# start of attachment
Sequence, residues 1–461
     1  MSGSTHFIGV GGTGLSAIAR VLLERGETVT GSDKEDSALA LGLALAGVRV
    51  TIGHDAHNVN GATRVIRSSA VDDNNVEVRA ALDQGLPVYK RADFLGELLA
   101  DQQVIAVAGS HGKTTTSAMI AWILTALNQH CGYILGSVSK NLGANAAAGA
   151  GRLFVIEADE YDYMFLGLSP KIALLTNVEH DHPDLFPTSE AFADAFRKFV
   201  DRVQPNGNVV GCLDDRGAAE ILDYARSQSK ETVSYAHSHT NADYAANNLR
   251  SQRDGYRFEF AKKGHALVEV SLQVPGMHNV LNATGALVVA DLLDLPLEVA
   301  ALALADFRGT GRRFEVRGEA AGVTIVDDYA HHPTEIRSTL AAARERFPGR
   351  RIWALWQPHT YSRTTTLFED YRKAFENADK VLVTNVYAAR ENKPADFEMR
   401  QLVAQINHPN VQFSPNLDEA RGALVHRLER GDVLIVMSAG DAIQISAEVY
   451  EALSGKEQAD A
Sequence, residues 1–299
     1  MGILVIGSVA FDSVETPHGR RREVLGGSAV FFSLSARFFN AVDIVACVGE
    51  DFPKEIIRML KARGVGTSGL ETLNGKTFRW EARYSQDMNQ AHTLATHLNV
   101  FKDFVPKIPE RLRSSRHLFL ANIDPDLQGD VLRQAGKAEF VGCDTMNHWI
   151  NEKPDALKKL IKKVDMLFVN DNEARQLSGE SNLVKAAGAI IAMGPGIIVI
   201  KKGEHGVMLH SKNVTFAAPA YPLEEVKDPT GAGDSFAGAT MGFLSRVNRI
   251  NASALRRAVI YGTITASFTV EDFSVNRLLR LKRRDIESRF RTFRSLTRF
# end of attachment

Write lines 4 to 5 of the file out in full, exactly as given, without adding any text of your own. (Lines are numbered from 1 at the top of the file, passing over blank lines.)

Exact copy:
   101  DQQVIAVAGS HGKTTTSAMI AWILTALNQH CGYILGSVSK NLGANAAAGA
   151  GRLFVIEADE YDYMFLGLSP KIALLTNVEH DHPDLFPTSE AFADAFRKFV